Health Care

Health Care

How do health care reform and taxes connect? The Affordable Care Act is single largest change to the tax code in two decades. Find help navigating the complexities of the new health care legislation, Medicare, Medicaid and other medical deductions.

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Pioneer
Posts: 1
Registered: ‎01-04-2018

Taxes for immigrants

My husband immigrated into the states last January (2017) to California. He has some income earned in the states (under 3k). He entered in on a K1 visa and is currently waiting for his green card/ permanent residence status. should we file separately or joint. 

I will earn around 31k

 

How will the health care tax apply to him? He had no health insurance in 2017 but had emergency health coverage from his country.   

Tax Pro
Posts: 6,105
Registered: ‎02-23-2016

Re: Taxes for immigrants

Hi JDZivkovic,

 

 

 

Welcome to the H&R Block community.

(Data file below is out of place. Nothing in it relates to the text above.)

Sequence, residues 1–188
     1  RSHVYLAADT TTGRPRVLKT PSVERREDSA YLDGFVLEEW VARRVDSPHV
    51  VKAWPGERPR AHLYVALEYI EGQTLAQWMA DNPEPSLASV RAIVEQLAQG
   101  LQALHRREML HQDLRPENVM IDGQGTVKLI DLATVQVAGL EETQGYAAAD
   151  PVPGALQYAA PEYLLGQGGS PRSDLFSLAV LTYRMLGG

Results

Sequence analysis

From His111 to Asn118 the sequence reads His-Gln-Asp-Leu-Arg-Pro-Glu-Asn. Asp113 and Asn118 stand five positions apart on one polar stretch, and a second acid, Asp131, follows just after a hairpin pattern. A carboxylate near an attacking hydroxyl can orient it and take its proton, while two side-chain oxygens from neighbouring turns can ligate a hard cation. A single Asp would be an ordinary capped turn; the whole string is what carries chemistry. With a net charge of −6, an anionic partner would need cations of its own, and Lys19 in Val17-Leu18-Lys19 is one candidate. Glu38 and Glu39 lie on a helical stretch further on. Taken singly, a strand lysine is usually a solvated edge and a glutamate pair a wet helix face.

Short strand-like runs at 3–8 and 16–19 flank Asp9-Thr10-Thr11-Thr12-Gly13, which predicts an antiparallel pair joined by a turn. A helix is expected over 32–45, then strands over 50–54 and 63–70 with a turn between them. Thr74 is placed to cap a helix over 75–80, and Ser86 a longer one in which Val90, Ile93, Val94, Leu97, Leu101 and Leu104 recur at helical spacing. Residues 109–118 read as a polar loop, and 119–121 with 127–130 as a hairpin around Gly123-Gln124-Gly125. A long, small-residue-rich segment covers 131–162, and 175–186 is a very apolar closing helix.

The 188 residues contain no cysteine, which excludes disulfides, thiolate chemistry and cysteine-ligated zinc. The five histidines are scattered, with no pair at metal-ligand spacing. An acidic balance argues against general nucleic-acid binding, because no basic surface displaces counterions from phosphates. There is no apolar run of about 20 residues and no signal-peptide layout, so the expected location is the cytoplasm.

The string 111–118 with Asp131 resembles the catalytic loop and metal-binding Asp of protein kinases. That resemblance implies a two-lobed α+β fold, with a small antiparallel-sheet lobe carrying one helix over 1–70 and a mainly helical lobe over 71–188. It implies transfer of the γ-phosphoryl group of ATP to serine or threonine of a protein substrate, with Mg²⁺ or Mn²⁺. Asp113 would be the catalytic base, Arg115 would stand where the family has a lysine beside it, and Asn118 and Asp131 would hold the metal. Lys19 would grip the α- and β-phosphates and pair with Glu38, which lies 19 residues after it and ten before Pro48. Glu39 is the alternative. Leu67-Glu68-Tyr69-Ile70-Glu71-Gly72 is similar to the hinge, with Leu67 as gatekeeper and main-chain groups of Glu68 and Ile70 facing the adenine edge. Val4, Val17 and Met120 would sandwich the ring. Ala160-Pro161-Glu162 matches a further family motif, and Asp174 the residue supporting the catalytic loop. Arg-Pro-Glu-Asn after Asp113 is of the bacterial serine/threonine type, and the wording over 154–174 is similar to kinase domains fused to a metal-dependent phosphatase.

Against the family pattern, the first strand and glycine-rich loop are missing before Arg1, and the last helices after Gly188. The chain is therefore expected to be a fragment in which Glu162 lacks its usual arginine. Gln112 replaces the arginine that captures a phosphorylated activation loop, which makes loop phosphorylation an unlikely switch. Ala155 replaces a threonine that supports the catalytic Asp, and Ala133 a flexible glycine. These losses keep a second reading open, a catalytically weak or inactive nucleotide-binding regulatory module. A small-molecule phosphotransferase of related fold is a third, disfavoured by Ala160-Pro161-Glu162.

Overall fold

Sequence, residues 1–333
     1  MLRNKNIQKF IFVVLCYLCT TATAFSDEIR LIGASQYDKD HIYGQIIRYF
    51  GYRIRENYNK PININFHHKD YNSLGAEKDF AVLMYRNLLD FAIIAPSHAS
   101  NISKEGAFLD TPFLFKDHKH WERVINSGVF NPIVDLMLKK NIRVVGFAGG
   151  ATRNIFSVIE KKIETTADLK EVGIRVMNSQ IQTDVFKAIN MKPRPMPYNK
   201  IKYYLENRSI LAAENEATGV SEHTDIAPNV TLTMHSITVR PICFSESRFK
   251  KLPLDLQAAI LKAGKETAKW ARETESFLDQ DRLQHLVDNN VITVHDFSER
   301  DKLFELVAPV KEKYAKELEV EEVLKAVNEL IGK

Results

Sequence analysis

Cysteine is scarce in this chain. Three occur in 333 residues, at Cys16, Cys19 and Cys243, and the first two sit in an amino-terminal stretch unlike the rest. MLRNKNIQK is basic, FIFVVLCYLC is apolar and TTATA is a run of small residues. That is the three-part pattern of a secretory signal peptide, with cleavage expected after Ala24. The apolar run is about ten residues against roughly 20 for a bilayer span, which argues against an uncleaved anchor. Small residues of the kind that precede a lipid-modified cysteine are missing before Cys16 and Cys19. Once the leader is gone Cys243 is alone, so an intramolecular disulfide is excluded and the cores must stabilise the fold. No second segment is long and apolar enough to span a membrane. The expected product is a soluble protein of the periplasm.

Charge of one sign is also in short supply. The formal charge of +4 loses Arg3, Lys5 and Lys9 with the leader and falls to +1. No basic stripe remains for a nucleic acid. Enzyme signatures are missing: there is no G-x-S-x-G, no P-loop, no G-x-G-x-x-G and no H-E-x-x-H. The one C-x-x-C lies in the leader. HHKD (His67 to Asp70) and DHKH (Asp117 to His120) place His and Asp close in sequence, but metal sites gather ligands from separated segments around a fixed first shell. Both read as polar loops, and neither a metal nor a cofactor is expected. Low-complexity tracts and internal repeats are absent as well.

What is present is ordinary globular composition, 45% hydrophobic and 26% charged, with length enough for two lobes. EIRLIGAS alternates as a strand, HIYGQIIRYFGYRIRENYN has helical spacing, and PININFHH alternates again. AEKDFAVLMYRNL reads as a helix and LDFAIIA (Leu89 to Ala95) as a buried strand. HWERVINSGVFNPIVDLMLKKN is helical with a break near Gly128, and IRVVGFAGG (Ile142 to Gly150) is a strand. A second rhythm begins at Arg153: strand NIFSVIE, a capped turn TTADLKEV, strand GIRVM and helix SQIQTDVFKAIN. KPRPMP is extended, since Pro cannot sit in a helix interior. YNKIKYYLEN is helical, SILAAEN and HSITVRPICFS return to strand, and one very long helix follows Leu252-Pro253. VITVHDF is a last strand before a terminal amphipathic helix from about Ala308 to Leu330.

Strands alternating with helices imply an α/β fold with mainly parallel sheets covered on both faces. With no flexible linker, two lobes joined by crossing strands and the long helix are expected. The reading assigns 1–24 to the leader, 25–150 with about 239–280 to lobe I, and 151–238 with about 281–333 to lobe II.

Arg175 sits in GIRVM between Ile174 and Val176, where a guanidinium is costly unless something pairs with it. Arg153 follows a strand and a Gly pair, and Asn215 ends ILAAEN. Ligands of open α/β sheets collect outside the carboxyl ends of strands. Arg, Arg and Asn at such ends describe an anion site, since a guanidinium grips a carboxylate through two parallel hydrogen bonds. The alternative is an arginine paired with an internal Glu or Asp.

You should file jointly.

 

Not only is a joint return almost always the best option, but for you it is definitely the best option.  You'll get an extra personal exemption and a bigger standard deduction.  Your husband's income is not enough to cause a significant tax liability increase so you have everything to gain and nothing to lose by filing jointly.  I can actually do a comparison of the two options for you if you would like.

 

If you file separately you have to use the "married & filing separately" filing status unless you qualify for head of household status under the MFS exception.  MFS is a much more restrictive status with a higher tax rate and far fewer (if any) benefits in most situations.

 

 

Note that in order to file jointly, if your husband does not have an ITIN number or a social security number then he will need to apply for an ITIN by attaching Form W-7 to your tax return.  You'll need to write "NRA" in the space for his ITIN/SSN and mail the return to the IRS.

 

If you have any other questions I'll be glad to help.

 

Louis,

Senior Tax Advisor (Tampa, FL)